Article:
Egypt hikes interest rates to tackle inflation

Central bank raises key rates for second time this year, citing rising food prices.
Egypt hikes interest rates to tackle inflation
By Jonathan Wright
Mon 24 Mar 2008 03:58 PM

The Egyptian central bank raised its key overnight interest rates on Monday for the second time this year, citing rising food prices that had driven inflation to an 11-month high.

The bank said in a statement it decided to lift its overnight deposit rate by 50 basis points to 9.5% and the lending rate to 11.5%. It last raised the rates on February 10, its first change in over a year.

It said a rise in urban consumer inflation to 12.1% in the year to February "exceeded the central bank's comfort zone".

"The Monetary Policy Committee assesses that the balance of risks to the inflation outlook continues to be on the upside and today's decision aims at containing inflation expectations," the statement said.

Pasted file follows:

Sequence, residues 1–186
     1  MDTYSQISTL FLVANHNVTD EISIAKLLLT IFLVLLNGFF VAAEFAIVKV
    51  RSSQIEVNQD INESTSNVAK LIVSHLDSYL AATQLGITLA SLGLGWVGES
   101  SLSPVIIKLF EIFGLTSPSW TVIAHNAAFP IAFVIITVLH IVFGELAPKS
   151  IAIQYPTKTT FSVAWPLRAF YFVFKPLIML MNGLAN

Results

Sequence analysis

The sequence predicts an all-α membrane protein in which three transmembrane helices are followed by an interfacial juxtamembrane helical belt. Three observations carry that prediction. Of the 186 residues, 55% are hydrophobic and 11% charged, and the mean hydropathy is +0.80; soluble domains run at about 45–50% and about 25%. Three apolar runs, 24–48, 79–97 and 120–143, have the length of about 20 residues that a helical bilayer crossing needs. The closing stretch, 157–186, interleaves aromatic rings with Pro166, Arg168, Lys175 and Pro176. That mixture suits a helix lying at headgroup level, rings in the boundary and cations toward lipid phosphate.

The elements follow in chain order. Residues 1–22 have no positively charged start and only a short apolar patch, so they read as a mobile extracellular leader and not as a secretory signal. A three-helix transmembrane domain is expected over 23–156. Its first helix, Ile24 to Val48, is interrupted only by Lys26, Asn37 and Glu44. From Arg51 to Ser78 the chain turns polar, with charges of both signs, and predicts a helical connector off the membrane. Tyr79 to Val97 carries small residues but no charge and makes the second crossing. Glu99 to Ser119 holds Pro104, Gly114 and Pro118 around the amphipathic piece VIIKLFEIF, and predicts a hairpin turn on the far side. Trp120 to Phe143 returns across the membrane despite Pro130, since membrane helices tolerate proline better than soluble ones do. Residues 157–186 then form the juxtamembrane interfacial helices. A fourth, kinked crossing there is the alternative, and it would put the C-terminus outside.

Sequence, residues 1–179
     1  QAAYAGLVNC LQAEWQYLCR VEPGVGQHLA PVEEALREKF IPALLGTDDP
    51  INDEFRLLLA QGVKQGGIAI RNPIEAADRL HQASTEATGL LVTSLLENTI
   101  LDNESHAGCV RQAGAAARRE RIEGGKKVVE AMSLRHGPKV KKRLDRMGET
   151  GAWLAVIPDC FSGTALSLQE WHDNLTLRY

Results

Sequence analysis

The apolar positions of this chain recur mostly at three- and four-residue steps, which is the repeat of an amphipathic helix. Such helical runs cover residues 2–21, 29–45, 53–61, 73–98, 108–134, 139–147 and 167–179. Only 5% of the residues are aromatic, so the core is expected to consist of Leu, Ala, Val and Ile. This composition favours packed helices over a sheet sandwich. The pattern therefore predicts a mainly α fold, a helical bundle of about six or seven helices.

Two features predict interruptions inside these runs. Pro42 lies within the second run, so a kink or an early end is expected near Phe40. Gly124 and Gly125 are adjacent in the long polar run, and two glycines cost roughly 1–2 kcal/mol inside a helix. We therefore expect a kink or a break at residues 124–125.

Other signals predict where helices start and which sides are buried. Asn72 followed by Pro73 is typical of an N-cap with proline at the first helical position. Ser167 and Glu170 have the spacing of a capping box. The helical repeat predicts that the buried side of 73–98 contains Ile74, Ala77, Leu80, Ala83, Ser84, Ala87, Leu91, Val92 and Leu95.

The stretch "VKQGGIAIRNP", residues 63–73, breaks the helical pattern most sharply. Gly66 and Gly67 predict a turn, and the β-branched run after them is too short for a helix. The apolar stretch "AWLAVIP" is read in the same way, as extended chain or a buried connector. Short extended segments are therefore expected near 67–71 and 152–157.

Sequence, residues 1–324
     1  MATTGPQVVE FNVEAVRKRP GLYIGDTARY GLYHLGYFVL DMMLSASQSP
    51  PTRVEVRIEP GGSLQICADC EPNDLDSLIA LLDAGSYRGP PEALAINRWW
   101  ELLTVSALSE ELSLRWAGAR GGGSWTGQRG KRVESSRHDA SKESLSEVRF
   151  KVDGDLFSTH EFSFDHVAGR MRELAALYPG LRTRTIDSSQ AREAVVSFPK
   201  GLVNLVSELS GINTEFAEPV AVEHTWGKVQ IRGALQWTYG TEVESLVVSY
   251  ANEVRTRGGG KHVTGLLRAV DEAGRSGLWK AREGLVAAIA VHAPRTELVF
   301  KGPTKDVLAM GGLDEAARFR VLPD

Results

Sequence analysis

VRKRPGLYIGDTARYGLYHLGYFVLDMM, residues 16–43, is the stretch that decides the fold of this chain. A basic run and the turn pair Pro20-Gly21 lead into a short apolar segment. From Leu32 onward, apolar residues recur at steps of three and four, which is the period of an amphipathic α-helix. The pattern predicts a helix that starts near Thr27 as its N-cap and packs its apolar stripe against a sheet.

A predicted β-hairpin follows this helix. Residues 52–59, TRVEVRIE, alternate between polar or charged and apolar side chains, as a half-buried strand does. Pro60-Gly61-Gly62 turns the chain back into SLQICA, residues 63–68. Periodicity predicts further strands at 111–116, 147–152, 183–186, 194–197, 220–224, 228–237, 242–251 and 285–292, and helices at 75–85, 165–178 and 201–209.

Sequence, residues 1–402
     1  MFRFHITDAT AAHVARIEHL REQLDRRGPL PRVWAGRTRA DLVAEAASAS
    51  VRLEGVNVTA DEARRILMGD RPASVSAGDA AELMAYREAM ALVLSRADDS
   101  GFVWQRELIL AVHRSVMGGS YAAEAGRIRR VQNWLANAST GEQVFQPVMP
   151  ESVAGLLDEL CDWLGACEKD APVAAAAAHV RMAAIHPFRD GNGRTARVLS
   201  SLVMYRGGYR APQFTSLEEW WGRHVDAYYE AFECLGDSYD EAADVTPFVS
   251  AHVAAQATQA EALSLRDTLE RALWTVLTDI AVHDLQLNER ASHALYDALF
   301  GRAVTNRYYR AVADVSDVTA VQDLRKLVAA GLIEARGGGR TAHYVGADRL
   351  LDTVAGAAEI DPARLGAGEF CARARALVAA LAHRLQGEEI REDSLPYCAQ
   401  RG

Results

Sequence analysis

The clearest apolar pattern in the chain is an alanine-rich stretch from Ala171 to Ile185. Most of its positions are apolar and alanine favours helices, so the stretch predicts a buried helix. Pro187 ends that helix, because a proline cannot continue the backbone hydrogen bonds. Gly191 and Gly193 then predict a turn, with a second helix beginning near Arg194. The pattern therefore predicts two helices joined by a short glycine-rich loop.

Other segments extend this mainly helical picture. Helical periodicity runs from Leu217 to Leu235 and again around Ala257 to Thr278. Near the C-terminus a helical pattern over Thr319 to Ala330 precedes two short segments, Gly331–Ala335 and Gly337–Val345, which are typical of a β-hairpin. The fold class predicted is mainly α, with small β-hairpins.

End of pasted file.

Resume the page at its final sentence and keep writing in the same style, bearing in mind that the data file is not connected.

It said high inflation in Egypt was driven originally by increases in food prices but had recently spread to other items.

"High international food prices are likely to continue exerting upward pressure on domestic food inflation, triggering further spillovers to non-food inflation," it said.

"Moreover, despite downward revisions to the global economic growth outlook, domestic growth is expected to maintain momentum, precipitating inflationary pressures."

The government expects the Egyptian economy to grow at 7% or a fraction higher in the 2007/8 financial year, which ends in June.

"The hike is part of the continued response to the rise in inflation in an attempt to curb the growth in liquidity and inflationary pressures stemming from economic growth," said Reham El-Desoki, senior economist at Cairo-based investment bank Beltone Financial.

Bankers said the two overnight rates remain below inflation and said the central bank would probably have to raise rates again by 25 or 50 basis points at its next meeting in six weeks' time.

But they said an emergency interest rate hike before the regular meeting on May 8 was most unlikely.

"We think that more rate rises will follow, plus a mild foreign exchange appreciation to adress imported inflation," said Simon Kitchen, senior economist at Cairo-based investment bank EFG-Hermes.

The central bank's overnight rates are its main instruments for controlling money supply and interest rates in general. The bankers said most banks would respond at once or within days by adjusting their rates for customers by the same amount. (Reuters)

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